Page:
What Creativity Can Teach Us About Recovery

Creative 1

Creativity is not just for artists. If you are in recovery, you need to be more creative. And hint: it’s not about art.

___

Creativity has much to teach us about recovery.

As a writer, the ideas are not flowing these days. This time last year, I had more ideas than hours in the day. Today, ideas are rare. My writing process now involves sitting down at the keyboard, starting with whatever is on my mind and after several duds, something seems to take root.

I have to begin, each day, and trust that something will flow from my fingertips.

Trust and the sweat factor

Thankfully, creativity meets us when we trust. That is one of the lessons of creativity: When we trust, creativity joins us. Most times, trust only needs to be big enough to make us sweat.

Addiction, depression and anxiety present a strong vision of a future turned inward. They surround you, keeping your life, your highs and your lows predictable. You may hate what you feel, but it is known.

One of the foundations of addiction recovery is trust: admitting that we have a problem is the first step in trust. In mental health recovery, we need to trust ourselves, trust that what we are feeling and seeing and hearing is valid enough to get help. You and I cannot get the help we need without exercising trust.

But trust can become wounded. And wounded trust begins to close up and protect. When we close up, we can’t be open to what others have to say, to love, to creativity or to the joys of the world.

Trust heals when we name our pain. Acknowledging that life, that other people, and that we ourselves have hurt us can be the step that will begin our healing.

Collaboration

Creativity is a collaborative effort. Even if you are alone at a computer, a canvas, a home recording studio or a wood shop. Creativity needs companions.

Sometimes the companions are creativity itself, or family, or friends, or personal heroes that live in our minds and our hearts.

Creativity is not a solo show because the ideas are inspired by other people, by situations, by books and art, by music and by life itself. Recovery is a collaborative, not isolated work. Much of the work can be done on your own, but you and I need other people for love, for forgiveness, for grace, for hope, and for help to restore our sanity.

Imagination and dreams

I have said a great deal about imagination in my recent post, Use the Future to Create a Better Life For Yourself: The Ebenezer Effect. The following two paragraphs are taken directly from that post.

Addiction, depression and anxiety present a strong vision of a future turned inward. They surround you, keeping your life, your highs and your lows predictable. You may hate what you feel, but it is known.

This is my mantra these days, “You are meant for joy.” Why? Because mental health recovery is about as quick as a camel on a hot day. Joy is one of the companions that we need so that our journey will feel a little lighter.

Doing the work to imagine a realistic future separate from our addiction or our mental illness can be liberating. Keep in mind that if you are in the middle of a serious depression, a binge, or a resurgence of our anxiety this work is not recommended. We have to be ready for it, it needs to be done in stages, and change takes time to seep in and germinate new hope.

You and I have competing visions in our minds. Each and everyday fear confronts us and calls us to live life small and self-protected. Anger and impatience confront us with a belief that obstacles deserve our wrath rather than our creative effort. Procrastination confronts us subtly with a belief that we will be more ready some other time. We forget that now is the time.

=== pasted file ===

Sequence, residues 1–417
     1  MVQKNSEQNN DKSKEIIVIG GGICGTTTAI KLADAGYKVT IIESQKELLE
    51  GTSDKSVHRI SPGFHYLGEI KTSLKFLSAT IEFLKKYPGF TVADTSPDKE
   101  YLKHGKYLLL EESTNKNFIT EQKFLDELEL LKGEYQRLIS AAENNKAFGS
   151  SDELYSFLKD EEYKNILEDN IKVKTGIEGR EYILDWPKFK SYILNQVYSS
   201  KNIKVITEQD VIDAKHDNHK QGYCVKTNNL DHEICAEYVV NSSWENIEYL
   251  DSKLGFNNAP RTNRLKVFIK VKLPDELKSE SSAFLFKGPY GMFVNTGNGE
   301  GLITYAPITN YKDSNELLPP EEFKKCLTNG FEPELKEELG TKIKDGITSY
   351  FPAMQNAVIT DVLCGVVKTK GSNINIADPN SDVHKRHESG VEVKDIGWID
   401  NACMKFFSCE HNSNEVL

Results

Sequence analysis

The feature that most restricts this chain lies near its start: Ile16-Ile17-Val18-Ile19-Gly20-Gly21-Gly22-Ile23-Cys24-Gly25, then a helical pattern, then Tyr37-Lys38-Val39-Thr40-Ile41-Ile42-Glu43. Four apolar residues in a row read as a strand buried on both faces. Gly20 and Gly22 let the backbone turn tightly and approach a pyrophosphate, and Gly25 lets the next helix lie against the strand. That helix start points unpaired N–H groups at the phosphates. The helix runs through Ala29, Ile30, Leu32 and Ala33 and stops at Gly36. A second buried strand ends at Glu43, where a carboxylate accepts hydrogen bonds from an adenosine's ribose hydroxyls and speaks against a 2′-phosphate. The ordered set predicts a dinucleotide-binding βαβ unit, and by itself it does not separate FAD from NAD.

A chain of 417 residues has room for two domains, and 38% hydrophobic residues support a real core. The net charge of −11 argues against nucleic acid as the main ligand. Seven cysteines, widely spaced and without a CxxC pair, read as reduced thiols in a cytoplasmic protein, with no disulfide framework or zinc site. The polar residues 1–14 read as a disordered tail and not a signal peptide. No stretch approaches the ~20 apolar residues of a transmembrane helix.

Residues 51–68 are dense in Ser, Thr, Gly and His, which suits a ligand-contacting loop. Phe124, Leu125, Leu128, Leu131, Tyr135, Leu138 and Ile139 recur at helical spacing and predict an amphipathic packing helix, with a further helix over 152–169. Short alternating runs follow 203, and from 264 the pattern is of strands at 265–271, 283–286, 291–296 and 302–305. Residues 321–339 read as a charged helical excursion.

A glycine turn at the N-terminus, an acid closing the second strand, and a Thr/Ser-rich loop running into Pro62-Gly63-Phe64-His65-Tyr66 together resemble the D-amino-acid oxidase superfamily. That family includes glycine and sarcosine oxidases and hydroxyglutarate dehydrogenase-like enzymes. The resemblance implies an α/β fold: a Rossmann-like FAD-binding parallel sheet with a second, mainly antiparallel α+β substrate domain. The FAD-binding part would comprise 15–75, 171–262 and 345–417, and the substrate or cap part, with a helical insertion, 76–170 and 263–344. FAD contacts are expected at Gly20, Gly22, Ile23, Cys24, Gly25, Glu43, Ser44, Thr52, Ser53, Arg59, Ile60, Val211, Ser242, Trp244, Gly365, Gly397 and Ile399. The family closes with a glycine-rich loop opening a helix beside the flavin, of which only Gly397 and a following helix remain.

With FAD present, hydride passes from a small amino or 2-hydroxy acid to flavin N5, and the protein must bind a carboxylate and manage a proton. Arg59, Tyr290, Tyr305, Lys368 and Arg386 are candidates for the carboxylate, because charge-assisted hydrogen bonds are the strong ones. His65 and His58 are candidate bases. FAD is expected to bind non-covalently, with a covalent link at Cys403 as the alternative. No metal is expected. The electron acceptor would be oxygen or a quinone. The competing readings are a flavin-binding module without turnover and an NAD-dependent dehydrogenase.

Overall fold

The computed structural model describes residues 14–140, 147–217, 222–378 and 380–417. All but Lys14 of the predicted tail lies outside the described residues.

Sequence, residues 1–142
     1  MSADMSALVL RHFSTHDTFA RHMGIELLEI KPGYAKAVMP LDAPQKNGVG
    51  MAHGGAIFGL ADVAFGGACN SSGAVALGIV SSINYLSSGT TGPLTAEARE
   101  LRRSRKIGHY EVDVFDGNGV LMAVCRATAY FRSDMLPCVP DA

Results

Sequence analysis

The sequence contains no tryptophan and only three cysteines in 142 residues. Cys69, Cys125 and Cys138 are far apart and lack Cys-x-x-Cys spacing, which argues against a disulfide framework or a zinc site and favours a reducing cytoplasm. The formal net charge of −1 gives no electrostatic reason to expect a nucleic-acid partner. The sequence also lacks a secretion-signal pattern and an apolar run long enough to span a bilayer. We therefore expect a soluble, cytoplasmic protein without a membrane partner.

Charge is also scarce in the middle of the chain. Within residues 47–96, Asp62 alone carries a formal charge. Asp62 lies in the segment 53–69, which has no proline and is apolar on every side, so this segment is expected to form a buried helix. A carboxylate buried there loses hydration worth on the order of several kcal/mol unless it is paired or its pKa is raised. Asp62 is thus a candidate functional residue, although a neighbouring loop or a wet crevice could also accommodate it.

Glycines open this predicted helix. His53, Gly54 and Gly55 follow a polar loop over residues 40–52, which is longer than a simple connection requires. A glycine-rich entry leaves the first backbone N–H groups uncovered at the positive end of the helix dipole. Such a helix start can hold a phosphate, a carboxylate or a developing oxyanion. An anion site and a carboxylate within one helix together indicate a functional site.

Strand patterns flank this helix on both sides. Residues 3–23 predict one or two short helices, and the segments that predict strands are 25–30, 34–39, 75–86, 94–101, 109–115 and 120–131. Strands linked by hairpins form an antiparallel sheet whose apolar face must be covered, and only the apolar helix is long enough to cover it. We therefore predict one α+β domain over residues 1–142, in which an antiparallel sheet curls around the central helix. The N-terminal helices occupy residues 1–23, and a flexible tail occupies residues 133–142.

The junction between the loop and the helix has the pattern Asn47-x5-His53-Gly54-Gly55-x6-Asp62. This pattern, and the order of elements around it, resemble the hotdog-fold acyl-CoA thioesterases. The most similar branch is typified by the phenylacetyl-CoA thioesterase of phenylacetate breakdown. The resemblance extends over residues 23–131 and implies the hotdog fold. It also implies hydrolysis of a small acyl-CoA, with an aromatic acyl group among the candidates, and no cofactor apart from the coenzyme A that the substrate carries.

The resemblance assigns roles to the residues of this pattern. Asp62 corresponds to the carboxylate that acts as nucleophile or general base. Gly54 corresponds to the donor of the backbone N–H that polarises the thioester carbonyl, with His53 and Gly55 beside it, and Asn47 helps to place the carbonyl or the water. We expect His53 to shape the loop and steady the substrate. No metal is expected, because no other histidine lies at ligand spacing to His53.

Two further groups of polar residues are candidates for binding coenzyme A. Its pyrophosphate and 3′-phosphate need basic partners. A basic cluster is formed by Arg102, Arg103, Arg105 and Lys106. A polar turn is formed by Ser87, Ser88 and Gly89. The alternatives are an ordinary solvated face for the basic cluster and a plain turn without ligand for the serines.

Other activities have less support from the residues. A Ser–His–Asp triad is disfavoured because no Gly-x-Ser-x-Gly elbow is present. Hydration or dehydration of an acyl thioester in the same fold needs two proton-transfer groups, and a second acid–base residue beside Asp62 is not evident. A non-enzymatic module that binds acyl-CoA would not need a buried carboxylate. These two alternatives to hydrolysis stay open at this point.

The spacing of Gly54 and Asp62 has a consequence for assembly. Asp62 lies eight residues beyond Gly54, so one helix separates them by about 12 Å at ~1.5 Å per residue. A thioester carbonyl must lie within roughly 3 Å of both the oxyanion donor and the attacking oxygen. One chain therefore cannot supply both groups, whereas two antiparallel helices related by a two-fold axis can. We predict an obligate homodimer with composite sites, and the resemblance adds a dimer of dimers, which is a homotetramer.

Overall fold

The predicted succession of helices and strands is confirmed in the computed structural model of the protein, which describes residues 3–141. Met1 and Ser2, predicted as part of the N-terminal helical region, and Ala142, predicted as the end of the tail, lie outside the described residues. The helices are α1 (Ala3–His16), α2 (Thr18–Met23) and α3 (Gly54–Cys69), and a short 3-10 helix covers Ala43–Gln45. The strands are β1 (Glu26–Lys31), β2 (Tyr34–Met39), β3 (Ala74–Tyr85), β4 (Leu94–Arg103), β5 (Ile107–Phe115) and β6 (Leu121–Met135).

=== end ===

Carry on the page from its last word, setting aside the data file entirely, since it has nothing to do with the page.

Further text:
Creative 2

Joy and personality

“Live your life,” we hear. Thanks, Oprah. It’s true, but it’s so everywhere that it loses something.

Creativity thrives when we live our lives, whatever that is. This may mean allowing a little eccentricity, uniqueness, and personality to bubble out.

You and I are meant for joy. You and I are the only created beings that can smile, understand humor, and appreciate beauty and wonder. You are meant for joy.

That is my mantra these days, “You are meant for joy.” Why? Because mental health recovery is about as quick as a camel on a hot day. Joy is one of the other companions that we need so that our journey will feel a little lighter.

For you, you may like to express your joy through music, or through exercise, through your art, or through your volunteering. You may have tattoos or wear piercings, or wear hats (my personal favorite), or shoes. Whatever your thing, it is your thing for a reason.

That is part of your recovery. Don’t make the journey harder than it needs to be. Make joy your companion. You are meant for joy!

Accept it.

Go back to school

It’s time to go back to school: Creativity wants to teach you and I about trust, collaboration, imagination and dreams, and joy.

How can you learn from creativity? By living your life, doing your art, expressing yourself. If you want to learn more about how to be more creative, you can read One Small Step: Becoming Creative One Step at a Time.

I hope this post has inspired and informed you. That is my goal.

I write articles about wellness, leadership, parenting and personal growth. My hope is to deliver the best content I can to inspire, to inform and to entertain.

Sign up for my blog if you want to receive the latest and best of my writing.

Keep it Real

All photos by smswaby


Leave a Reply

Fill in your details below or click an icon to log in:

WordPress.com Logo

You are commenting using your WordPress.com account. Log Out /  Change )

Google photo

You are commenting using your Google account. Log Out /  Change )

Twitter picture

You are commenting using your Twitter account. Log Out /  Change )

Facebook photo

You are commenting using your Facebook account. Log Out /  Change )

Connecting to %s